Greek English
Greek English


The Cave of Pan in Daphni

A sacred cave on the steep slope of Poikilo, behind the Daphni Monastery, was first located by D. Kampouroglou and excavated by I. Traulos. The cave is 11.5 m deep, 7.8
m wide and funnel-shaped. Its entrance - to the north
- had been blocked by an ancient rubble wall, which nevertheless left an opening. A terrace wall created a small court in front of the entrance. The interior had only one short partition wall and a few rectangular carvings
on the floor. Remains indicate that the cave walls had been plastered.
Movable finds (pottery, ashes, bones) suggest ritual burning of offerings and the sacrifice of small animals.
Most potsherds come from loutrophoroi, vessels used
in weddings and funerary rituals for single persons. Clay
figurines depict Satyrs, Pan, Aphrodite and other females. The excavator attributes the cult to the protector of
nature, the woods and the shepherds, namely Pan and
his companions. Similar caves to Pan have been located elsewhere in Attica too.
Artefacts date the cult to the 5th century BC only, which explains Pausanias’ ingorance of the site. The cave was inhabited by Byzantine hermits and was used as a stable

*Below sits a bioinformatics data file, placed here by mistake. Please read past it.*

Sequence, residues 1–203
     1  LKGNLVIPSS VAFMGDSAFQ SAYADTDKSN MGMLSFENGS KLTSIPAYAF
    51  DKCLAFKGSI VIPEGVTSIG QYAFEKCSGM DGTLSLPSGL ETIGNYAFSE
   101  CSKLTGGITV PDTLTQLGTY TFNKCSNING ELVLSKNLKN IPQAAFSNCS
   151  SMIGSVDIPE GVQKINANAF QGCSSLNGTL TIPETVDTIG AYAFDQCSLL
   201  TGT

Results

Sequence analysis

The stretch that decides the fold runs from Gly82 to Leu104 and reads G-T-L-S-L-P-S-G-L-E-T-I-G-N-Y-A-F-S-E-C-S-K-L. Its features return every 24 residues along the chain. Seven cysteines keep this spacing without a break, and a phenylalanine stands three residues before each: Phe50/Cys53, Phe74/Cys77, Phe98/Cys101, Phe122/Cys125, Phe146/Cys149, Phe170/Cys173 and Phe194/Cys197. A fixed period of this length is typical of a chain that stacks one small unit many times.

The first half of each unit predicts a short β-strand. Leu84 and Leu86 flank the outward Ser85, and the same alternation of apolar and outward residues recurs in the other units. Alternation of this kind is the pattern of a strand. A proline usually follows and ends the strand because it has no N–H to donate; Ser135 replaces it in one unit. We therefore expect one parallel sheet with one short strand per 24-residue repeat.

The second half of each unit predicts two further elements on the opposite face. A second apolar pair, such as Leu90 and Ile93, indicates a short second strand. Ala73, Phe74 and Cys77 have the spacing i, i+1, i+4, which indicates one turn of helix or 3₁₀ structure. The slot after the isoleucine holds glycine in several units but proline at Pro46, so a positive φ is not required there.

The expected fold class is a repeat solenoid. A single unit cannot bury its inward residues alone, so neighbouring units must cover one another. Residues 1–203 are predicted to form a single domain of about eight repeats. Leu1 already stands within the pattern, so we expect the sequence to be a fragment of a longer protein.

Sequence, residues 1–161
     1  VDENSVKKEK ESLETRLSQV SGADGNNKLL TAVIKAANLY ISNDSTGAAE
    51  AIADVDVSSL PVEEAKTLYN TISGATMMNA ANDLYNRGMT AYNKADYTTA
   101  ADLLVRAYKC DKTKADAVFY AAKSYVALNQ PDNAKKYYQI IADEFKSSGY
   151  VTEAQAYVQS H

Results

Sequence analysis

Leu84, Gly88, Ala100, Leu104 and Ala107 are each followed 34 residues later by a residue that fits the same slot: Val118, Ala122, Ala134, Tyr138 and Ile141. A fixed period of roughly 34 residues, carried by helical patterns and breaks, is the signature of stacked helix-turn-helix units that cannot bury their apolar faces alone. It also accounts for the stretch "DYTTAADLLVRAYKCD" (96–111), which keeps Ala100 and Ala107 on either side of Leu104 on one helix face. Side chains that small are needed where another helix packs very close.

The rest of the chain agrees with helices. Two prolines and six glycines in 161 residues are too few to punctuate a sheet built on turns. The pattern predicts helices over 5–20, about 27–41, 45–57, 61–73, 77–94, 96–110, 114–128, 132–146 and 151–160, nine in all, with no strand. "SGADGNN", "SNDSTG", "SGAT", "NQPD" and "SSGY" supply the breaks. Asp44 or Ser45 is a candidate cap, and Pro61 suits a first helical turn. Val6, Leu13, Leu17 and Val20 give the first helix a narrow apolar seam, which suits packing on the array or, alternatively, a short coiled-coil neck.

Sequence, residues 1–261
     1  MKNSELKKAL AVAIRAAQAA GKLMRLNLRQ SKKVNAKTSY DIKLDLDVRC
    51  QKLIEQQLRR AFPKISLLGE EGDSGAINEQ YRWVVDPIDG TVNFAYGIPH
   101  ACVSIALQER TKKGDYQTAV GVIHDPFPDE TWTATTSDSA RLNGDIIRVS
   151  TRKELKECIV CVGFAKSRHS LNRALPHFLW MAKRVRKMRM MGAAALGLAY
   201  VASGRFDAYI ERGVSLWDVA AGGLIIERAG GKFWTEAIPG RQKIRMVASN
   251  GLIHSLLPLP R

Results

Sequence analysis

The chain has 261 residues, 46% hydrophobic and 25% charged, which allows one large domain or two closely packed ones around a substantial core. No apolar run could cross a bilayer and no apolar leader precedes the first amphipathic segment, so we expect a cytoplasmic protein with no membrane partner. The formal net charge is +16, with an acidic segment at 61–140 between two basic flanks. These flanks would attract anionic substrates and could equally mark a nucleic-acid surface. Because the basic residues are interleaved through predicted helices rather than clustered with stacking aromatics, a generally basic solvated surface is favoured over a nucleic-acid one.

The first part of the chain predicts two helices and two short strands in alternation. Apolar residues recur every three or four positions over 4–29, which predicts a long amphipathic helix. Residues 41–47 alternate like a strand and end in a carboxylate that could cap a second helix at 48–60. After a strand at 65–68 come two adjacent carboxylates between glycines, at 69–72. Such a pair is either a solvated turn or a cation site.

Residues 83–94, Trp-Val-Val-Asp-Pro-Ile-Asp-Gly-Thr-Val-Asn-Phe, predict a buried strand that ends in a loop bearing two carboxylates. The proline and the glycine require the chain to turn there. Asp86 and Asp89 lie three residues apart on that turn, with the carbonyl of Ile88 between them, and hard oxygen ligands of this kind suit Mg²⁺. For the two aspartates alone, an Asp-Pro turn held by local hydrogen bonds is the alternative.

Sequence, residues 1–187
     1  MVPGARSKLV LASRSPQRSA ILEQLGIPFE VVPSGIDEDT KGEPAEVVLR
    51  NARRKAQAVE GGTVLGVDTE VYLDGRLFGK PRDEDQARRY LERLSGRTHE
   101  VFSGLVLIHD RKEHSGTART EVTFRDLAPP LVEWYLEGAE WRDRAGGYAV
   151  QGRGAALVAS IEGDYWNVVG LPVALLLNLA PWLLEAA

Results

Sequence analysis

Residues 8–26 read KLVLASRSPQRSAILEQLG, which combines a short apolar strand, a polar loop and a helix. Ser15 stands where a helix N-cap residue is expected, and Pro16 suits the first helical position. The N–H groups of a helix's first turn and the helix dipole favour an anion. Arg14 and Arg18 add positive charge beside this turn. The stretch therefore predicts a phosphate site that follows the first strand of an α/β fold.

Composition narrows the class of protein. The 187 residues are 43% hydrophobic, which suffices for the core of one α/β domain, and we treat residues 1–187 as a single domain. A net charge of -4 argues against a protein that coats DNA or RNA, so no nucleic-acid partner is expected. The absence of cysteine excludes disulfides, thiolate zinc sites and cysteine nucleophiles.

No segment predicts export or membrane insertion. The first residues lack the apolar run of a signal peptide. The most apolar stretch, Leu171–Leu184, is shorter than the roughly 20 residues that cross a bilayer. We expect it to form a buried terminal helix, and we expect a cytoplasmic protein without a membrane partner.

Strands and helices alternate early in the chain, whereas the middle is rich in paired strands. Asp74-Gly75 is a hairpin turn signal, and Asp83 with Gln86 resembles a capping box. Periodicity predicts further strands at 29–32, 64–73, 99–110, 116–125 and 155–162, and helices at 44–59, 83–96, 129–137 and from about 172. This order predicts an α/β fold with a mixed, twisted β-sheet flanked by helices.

in Ottoman times.

A sacred cave on the steep slope of Poikilo, behind the Daphni Monastery, was first located by D. Kampouroglou and excavated by I. Traulos. The cave is 11.5 m deep, 7.8
m wide and funnel-shaped. Its entrance - to the north
- had been blocked by an ancient rubble wall, which nevertheless left an opening. A terrace wall created a small court in front of the entrance. The interior had only one short partition wall and a few rectangular carvings
on the floor. Remains indicate that the cave walls had been plastered.
Movable finds (pottery, ashes, bones) suggest ritual burning of offerings and the sacrifice of small animals.
Most potsherds come from loutrophoroi, vessels used
in weddings and funerary rituals for single persons. Clay
figurines depict Satyrs, Pan, Aphrodite and other females. The excavator attributes the cult to the protector of
nature, the woods and the shepherds, namely Pan and
his companions. Similar caves to Pan have been located elsewhere in Attica too.
Artefacts date the cult to the 5th century BC only, which explains Pausanias’ ingorance of the site. The cave was inhabited by Byzantine hermits and was used as a stable
in Ottoman times.